Today I was watching a youtube video of the Institute of Health Services and Policy Research (IHSPR) Policy Rounds - Improving Care of Multiple Chronic Conditions webinar from March 26, 2014. I found out that in Ontario chronic disease accounted for at least 65% of direct health care costs in 2010/11 and it would not surprise me if that number is typical in Canada. In the US that percentage might not be accurate since the health care system is different.

The Steering Committee that set direction for this discussion was composed of government and researchers who picked stakeholders to participate in the discussion about issues and challenges involved in dealing with patients with multiple chronic conditions. They were chosen because they could bring unique views and experiences to bear on the challenge and they could champion actions to address the problem creatively within their constituencies. (Michael Wilson, PhD)

The part that really caught my attention was the breakdown of participants involved in the stakeholder dialogue
3 Policy Makers
9 Managers
3 Providers
5 Researchers

One of the statements produced stressed collaboration both within teams and also across silos with the emphasis that each silo brings unique value to the overall goal. The plan is to continue to support bottom up and person centered approaches to developing models of care and working across silos.

The patient silo is miles away

At this point I'm really wondering why the patient silo is off in this field miles away from the other silos. After all where does the money in the health system come from?  There is only one source - the taxpayers. Why are patients not considered stakeholders? If we want to work across silos I think they all need to be considered and included.

As much as some health care professionals fear the intrusion of the engaged and educated patient, it seems that policy makers and planners are even more worried about patient inclusion in health care planning. (Apologies to the rheumatology researchers who are including patients)

Among the suggested strategies is developing a patient centered approach to health care and using patient friendly language. There are now more patients eager to be engaged in their own care; that will help. One of the tools to deal with multiple chronic diseases will be self management. "Using innovative, collaborative approaches to developing and supporting use of self-management tools and resources" as well as including older adults and those with chronic health conditions in random trials are other methods of making progress in this area.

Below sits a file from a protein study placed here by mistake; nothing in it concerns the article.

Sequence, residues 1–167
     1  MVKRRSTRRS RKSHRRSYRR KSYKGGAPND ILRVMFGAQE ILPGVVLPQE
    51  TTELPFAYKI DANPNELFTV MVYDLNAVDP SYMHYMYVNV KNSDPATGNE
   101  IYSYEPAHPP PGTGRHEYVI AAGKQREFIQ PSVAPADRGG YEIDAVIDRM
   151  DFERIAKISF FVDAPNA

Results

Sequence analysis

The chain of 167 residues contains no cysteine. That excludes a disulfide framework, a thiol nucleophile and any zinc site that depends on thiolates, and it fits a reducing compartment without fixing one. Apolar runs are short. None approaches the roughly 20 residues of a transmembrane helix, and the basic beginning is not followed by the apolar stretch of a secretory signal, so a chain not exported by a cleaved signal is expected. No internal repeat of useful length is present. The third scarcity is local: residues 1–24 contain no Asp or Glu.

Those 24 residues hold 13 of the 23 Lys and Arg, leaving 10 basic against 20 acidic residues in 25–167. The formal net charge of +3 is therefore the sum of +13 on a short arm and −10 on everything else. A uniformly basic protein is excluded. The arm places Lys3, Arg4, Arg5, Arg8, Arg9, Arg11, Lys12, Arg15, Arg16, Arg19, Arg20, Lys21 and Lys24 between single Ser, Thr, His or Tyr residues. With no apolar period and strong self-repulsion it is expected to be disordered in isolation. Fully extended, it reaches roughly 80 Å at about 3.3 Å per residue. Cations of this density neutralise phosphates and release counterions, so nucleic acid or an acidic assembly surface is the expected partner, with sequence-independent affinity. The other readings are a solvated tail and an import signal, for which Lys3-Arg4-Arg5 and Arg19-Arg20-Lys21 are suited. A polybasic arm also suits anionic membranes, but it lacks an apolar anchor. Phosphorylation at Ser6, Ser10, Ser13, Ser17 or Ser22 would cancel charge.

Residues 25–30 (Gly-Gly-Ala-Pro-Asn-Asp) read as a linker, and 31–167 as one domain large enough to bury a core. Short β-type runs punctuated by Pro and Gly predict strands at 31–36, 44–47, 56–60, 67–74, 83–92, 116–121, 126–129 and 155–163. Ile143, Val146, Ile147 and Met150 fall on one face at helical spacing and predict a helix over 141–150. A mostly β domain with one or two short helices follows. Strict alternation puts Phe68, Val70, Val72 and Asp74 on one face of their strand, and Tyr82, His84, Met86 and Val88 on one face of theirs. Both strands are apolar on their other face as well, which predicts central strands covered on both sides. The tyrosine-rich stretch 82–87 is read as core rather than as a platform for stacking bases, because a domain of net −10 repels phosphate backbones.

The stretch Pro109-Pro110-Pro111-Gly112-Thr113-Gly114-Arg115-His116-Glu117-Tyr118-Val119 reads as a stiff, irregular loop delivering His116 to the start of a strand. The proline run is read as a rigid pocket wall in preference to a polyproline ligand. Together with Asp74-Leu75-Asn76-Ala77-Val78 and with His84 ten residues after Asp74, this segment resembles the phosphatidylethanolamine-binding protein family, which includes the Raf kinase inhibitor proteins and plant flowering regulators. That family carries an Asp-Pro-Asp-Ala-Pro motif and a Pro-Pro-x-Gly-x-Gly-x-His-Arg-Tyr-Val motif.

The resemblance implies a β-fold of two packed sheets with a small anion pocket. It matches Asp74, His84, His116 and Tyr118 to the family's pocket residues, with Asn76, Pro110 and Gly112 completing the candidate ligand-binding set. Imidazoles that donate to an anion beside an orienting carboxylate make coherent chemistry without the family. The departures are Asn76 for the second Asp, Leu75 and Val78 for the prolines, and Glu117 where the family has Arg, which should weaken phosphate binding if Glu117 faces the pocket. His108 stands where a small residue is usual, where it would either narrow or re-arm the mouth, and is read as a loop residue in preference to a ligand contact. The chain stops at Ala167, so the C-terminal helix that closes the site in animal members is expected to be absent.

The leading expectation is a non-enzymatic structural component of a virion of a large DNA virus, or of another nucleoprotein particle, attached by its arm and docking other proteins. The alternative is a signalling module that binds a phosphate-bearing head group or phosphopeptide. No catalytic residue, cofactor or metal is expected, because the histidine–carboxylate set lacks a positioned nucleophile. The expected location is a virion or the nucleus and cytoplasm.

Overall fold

It was a very useful webinar that made perfect sense. But again we don't see patients included in policy and planning. I feel that is a problem. As ePatient Dave says "Nothing about us without us."

Sunday, 23 March 2014

Tweeting Links to Research Studies

When I decided to use Twitter I thought that tweeting a link every morning to a paper or abstract about Rheumatoid Arthritis would be useful to others and a way to contribute to the conversation. There is so much new information coming out always that staying current is a problem for everyone.

That plan has worked out well. I can stay abreast of what's new and it's easy to share on Twitter. You might wonder how I choose among all the new papers. It's easy - I pick what interests me. Here are some reasons for avoiding certain topics.

First I don't post animal tests because I want to find knowledge that is closer to being applicable to people like me.

We could test on this rat

Second I need to have at least some understanding of the subject matter. That's why I did not post this one:
Rho-GTPase signaling in leukocyte extravasation: An endothelial point of view.  
Extravasation?

Third, case studies don't seem broadly relevant to me as a patient.

Finally I want to learn something from the links I find, even if it's only a small insight or fact.

Here's an example of a study I plan to Tweet: 

A proof-of-concept study of ANSWER, a web-based methotrexate decision aid for patients with rheumatoid arthritis.

"For patients with rheumatoid arthritis (RA) who are considering methotrexate, we have developed a web-based patient decision aid called the ANSWER (Animated, Self-serve, Web-based Research Tool)"

When I first heard of decision aids I was really excited by the concept until I found out that we were talking about pamphlets. There's been a lot of progress since that day years ago and now you can find interactive fact-based online tools that are truly geared to the needs of an individual. The ANSWER paper tested a method of helping patients choose whether or not to take the usual first step in the treatment of RA: using methotrexate.
 
When I looked for more information (partly because I liked the poster picture) I found another paper by Dr Li that provided more background about the usability testing of this tool. That's the beauty of looking on the internet - you usually find even more than you expect.

That's why the above link is the perfect choice. This research is done by The Arthritis Research Center in BC so it's Canadian and very applicable to people I often talk to online. Of course the decision whether or not to take methotrexate is one I made long ago, but it applies directly to people with a new diagnosis of RA, and there are many of them online.